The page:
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Comment: Requirements (Score 1) 430

Programmers, some of them at least can write programs. Deploying a solution requires more. Architecture, human resource management, scheduling, testing, triage, review, marketing and documentation user support and product management, for example. There are reasons there are such specialisations. Business Cases and Functional Requirements should provide use cases or stories, which inform your testing and provides the skeleton of your user manual. You do start a project/phase/update/maintenance by understanding the requirements, right? You accept the output by validating it against the original impetus. And then you describe it in something of a narrative. Whether you sprint, spiral or fall over water, this works.

Comment: Herd Immunity (Score 1) 84

by nastyphil (#42824987) Attached to: Rich Countries Suffer Less Malware, Says Microsoft Study
I have worked in ICT ops & triage in the richest countries and the poorest. Without doubt the higher malware rate is a function of a lower standard of systems configuration and maintenance. It has nothing to do with the capital cost of the systems and everything to do with the availibility / cost of skilled administration. This scarcity means that functionally, the herd immunity threshold for malware in the localised information ecology is rarely crossed. As in epidemiology generally, different localised conditions favour different transmission profiles. So for example in less developed locations USB memory sticks are the most common infection vector, as telecoms are less accessible. The prevalance viruses and malware in LDCs is akin to the global Windows server ecology in the late 1990s, or home PCs of the late 1980s. In these two historical examples different vectors flourished as a function of the immaturity of configurations and configurers with respect to the threat.

Comment: Re:LAMP (Score 1) 141

by nastyphil (#42089091) Attached to: Ask Slashdot: Management Software For Small Independent ISP?

Just build yourself a LAMP setup, with workers feeding a database, and web GUI to access/update. Sync data from other sources into that, to provide a single converged view of whatever item (customer, router, location, network link...whatever). (Don't forget copious use of memcache btw)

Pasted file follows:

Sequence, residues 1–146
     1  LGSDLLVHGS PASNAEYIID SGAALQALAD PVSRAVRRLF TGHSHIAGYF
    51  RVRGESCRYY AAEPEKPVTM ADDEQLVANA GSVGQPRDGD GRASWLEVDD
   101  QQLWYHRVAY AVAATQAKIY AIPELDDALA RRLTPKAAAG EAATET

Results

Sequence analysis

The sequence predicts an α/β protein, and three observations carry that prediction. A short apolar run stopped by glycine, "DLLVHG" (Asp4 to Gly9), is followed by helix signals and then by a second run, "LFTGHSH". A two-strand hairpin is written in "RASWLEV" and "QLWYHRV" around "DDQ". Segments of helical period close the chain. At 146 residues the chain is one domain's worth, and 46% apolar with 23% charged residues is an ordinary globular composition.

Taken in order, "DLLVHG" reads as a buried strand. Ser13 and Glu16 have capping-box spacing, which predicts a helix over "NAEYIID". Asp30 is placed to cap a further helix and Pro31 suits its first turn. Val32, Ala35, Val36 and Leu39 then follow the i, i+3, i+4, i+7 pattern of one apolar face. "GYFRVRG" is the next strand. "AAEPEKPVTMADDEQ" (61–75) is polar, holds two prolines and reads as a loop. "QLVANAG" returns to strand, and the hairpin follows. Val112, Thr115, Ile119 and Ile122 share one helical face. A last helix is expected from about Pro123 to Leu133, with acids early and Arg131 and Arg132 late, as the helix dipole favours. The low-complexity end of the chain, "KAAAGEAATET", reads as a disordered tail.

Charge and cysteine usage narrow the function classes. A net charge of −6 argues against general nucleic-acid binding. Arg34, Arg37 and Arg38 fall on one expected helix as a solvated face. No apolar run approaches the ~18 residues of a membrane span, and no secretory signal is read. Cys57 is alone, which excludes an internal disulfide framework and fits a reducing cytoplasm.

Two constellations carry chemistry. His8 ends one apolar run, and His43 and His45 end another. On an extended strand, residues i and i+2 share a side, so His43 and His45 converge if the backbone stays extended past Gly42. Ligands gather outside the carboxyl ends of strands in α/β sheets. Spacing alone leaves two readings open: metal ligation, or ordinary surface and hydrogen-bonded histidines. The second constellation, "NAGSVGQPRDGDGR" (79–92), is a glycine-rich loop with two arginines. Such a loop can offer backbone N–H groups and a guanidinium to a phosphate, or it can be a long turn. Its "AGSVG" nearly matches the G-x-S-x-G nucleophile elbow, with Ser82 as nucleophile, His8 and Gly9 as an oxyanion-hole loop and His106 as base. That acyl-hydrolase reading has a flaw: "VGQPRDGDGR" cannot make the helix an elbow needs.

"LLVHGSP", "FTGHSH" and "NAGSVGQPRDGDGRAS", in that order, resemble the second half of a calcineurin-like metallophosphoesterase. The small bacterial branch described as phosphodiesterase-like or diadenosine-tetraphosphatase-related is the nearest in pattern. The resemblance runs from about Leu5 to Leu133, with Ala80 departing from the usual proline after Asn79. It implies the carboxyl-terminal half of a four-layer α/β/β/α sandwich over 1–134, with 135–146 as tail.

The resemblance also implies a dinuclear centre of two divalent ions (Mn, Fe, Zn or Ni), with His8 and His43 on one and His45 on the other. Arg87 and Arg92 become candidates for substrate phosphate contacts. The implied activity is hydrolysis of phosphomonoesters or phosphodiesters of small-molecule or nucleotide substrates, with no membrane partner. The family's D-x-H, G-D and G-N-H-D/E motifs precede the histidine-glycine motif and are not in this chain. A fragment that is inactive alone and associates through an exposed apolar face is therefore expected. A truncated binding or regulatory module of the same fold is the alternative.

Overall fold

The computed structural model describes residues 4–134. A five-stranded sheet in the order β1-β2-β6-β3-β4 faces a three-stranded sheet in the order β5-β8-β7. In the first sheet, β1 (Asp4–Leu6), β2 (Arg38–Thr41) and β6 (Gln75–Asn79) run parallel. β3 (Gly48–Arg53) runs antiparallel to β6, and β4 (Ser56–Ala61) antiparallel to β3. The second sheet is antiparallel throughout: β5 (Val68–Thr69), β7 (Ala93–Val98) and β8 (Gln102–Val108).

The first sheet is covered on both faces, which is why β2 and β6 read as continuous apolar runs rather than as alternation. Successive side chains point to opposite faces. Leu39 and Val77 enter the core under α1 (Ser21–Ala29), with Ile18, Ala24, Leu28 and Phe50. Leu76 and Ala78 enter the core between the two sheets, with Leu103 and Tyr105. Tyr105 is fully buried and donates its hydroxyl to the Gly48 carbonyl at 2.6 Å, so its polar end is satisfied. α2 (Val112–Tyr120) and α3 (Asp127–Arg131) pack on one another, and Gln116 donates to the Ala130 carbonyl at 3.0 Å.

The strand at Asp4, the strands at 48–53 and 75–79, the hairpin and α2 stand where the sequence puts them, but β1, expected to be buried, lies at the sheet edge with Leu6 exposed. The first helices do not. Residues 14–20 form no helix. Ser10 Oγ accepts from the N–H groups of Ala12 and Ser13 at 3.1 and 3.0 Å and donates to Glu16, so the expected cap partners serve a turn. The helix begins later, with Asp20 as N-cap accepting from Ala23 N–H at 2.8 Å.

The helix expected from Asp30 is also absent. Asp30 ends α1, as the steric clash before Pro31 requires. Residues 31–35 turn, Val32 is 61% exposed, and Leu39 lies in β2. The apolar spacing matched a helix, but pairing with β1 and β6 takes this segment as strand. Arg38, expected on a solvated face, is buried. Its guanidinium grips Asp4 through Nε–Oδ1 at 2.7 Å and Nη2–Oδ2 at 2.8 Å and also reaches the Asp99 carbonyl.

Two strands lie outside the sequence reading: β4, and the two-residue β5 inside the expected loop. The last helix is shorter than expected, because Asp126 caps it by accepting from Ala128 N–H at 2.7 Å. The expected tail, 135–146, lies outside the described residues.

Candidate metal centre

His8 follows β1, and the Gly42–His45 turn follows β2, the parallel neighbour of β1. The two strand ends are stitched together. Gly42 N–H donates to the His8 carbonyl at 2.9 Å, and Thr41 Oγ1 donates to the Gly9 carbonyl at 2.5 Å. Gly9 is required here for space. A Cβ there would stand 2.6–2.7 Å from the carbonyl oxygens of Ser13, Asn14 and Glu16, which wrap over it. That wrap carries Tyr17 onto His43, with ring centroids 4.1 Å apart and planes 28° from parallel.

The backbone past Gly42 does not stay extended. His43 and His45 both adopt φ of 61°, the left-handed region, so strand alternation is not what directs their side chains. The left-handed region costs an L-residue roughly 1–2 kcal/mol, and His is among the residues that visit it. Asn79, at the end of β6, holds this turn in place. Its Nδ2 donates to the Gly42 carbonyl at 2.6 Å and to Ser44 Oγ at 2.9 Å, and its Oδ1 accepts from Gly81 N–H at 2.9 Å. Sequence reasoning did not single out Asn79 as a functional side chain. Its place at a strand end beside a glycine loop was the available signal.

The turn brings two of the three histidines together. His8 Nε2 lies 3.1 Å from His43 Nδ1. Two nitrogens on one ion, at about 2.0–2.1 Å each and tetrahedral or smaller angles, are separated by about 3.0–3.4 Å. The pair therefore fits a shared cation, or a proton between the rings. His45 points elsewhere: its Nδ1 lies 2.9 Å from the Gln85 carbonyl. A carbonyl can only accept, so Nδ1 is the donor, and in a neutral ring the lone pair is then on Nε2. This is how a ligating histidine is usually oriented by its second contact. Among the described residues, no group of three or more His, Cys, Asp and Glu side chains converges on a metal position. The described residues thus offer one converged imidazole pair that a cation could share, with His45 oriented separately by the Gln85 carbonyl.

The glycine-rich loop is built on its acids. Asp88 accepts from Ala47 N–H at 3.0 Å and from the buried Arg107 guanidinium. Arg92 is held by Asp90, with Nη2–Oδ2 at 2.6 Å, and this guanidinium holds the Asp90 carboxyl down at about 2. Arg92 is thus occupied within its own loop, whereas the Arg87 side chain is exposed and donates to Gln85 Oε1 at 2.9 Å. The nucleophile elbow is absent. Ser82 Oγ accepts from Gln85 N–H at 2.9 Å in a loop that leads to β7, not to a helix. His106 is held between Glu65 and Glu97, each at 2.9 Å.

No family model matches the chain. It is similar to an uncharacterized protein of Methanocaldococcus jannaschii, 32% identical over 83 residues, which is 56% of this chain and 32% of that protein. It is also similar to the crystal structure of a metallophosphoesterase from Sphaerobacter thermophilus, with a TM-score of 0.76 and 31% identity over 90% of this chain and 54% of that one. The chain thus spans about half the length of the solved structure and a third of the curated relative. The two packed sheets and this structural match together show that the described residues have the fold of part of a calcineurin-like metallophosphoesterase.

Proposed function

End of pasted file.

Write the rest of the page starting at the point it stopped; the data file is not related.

Trust me....this works really well and scales to millions of customers :-)

Yes, like an MS Access database.

Input Devices

Why Are Digital Hearing Aids So Expensive? 727

Posted by timothy
from the what-the-market-will-hear dept.
sglines writes "Over the last couple of years I've been slowly getting deaf. Too much loud rock and roll I suppose. After flubbing a couple of job interviews because I couldn't understand my inquisitors, I had a hearing test which confirmed what I already knew: I'm deaf. So I tried on a set of behind-the-ear hearing aids. Wow, my keyboard makes clacks as I type and my wife doesn't mumble to herself. Then I asked how much: $3,700 for the pair. Hey, I'm unemployed. The cheapest digital hearing aids they had were $1,200 each. If you look at the specs they are not very impressive. A digital hearing aid has a low-power A-to-D converter. Output consists of D-to-A conversion with volume passing through an equalizer that inversely matches your hearing loss. Most hearing loss, mine included, is frequency dependent, so an equalizer does wonders. The 'cheap' hearing aids had only four channels while the high-end one had twelve. My 1970 amplifier had more than that. I suppose they have some kind of noise reduction circuitry, too, but that's pretty much it. So my question is this: when I can get a very good netbook computer for under $400 why do I need to pay $1,200 per ear for a hearing aid? Alternatives would be welcome."
Earth

"Gigantic Jets" Blast Electricity Into the Ionosphere 168

Posted by kdawson
from the more-things-in-heaven-and-earth dept.
New Scientist has an update on the so-called "gigantic jets" first discovered in 2003 — these are lightning bolts that reach from cloud tops upward into the ionosphere, as high as 90 kilometers. (There's a video at the link.) What's new is that researchers from Duke University have managed to measure the electrical discharge from a gigantic jet and confirm that they carry as much energy skyward as ordinary lightning strikes carry to the ground. According to the article, "Gigantic jets are one of a host of new atmospheric phenomena discovered in recent years. Other examples are sprites and blue jets."

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